Find Information About:

Drugs & Supplements

Get information and reviews on prescription drugs, over-the-counter medications, vitamins, and supplements. Search by name or medical condition.

Pill Identifier

Pill Identifier

Having trouble identifying your pills?

Enter the shape, color, or imprint of your prescription or OTC drug. Our pill identification tool will display pictures that you can compare to your pill.

Get Started

My Medicine

Save your medicine, check interactions, sign up for FDA alerts, create family profiles and more.

Get Started

WebMD Health Experts and Community

Talk to health experts and other people like you in WebMD's Communities. It's a safe forum where you can create or participate in support groups and discussions about health topics that interest you.

  • Second Opinion

    Second Opinion

    Read expert perspectives on popular health topics.

  • Community


    Connect with people like you, and get expert guidance on living a healthy life.

Got a health question? Get answers provided by leading organizations, doctors, and experts.

Get Answers

Sign up to receive WebMD's award-winning content delivered to your inbox.

Sign Up

Organ Transplant Surgery


Your Organ Transplant Surgery Team

As you recover from organ transplant surgery, you should expect to see a host of people taking care of you.

The team approach is standard, Abouljoud explains.

Team members vary, but typically include, besides the transplant surgeon and transplant doctor:

  • An infectious disease doctor
  • A psychiatrist
  • A psychologist
  • The transplant coordinator
  • An intensive care or critical care specialist
  • Nurses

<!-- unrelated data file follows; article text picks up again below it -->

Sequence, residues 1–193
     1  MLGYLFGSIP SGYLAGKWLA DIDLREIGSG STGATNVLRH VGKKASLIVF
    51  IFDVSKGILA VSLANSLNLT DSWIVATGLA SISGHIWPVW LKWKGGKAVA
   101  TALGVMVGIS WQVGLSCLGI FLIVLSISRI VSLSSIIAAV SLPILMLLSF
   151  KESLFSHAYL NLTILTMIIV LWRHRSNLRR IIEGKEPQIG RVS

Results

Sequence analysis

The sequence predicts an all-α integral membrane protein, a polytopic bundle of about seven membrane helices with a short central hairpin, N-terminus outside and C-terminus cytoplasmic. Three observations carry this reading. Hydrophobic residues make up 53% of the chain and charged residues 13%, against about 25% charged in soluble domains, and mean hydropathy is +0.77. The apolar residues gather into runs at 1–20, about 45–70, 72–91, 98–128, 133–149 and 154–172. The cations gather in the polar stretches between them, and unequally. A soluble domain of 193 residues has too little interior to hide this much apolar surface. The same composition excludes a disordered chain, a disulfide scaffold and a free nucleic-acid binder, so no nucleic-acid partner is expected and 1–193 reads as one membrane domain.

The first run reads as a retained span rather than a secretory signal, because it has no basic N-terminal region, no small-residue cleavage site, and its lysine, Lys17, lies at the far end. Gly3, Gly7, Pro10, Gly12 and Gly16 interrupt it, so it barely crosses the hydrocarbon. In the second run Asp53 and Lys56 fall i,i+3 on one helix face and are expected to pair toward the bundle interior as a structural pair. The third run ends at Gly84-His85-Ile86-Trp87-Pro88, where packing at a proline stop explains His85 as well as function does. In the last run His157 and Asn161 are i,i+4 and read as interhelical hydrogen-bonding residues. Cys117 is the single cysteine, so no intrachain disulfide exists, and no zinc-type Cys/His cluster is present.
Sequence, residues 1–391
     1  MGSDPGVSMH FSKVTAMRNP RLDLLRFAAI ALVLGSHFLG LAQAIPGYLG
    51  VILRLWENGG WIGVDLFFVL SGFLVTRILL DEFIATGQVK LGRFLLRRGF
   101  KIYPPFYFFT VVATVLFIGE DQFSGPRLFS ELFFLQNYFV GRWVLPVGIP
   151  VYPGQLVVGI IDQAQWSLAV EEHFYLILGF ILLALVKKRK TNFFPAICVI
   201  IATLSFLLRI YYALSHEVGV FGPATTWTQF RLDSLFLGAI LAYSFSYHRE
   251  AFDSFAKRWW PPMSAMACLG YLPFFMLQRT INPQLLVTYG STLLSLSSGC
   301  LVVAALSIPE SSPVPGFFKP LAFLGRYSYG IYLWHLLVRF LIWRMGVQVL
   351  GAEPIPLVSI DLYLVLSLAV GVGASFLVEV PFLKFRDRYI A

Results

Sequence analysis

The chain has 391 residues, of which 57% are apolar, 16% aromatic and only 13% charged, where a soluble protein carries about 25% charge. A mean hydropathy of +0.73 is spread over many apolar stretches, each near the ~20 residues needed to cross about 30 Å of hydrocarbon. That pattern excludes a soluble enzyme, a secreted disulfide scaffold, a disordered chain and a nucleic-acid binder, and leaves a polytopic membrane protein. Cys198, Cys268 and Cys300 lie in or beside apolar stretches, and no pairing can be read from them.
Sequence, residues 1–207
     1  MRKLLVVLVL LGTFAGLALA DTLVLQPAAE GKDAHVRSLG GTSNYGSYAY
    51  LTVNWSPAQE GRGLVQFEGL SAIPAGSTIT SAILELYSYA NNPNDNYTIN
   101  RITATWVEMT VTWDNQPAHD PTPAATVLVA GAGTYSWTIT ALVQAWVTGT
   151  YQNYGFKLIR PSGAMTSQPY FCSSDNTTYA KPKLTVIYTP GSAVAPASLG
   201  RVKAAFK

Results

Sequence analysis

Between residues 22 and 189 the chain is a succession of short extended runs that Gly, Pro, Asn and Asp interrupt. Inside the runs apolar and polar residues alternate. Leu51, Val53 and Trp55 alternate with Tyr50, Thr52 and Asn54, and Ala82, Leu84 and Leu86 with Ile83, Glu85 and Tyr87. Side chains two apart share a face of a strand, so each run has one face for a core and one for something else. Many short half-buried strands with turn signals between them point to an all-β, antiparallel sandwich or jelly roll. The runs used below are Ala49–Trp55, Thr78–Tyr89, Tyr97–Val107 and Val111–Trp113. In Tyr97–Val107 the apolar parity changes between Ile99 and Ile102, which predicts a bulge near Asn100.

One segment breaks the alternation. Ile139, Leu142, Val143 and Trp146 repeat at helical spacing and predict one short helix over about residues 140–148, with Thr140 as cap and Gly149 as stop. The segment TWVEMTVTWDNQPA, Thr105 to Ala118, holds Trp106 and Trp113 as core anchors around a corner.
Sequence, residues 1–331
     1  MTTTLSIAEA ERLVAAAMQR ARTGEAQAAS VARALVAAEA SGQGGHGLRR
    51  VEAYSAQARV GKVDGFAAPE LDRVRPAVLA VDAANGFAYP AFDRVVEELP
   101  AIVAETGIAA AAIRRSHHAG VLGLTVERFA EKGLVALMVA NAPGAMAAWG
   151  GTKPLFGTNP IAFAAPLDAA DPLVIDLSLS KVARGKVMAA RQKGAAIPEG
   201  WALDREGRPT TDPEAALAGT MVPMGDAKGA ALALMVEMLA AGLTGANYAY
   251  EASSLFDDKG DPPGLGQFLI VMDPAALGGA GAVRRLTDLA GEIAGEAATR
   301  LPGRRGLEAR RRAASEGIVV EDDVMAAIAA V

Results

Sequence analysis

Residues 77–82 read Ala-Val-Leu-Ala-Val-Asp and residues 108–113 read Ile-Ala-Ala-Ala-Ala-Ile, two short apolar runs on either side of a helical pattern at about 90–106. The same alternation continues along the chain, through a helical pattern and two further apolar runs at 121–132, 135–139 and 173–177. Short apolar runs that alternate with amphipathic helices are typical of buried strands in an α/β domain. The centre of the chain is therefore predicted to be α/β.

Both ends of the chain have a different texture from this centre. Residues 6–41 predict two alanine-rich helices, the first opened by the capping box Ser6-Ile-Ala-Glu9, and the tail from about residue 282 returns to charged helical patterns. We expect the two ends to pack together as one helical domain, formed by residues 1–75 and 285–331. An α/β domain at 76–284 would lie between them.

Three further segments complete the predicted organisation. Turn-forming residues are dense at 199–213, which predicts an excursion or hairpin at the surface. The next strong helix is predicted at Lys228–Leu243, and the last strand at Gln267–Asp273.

• A pharmacist
  • A dietitian
  • A physical therapist
  • A social worker
  • A transplant financial coordinator
  • An occupational therapist

Smaller transplant centers may have fewer people, says Abouljoud.

Before You Leave the Hospital

Although you may be tired from your transplant surgery, it's important to start getting information about your post-transplant needs before leaving the hospital.

As you know by now, you will be on immunosuppressant drugs to prevent rejection after your organ transplant. You have to understand your medications and recognize side effects so you can report them right away, says Abouljoud. And know the complications of surgery, too, so you can tell if something is not right, he says.

This is also the time to address any concerns you may have about the amount of help you have at home, Abouljoud says. Remember: Your social worker is integral to this whole process. She can aid you in informing you about your choices and finding the help you need.

And ask now about what restrictions you will have, in terms of daily activity and driving restrictions, so you can get help needed to get through the day.

WebMD Medical Reference

Reviewed by Melinda Ratini, DO, MS on October 27, 2014

What's your main post-transplant concern?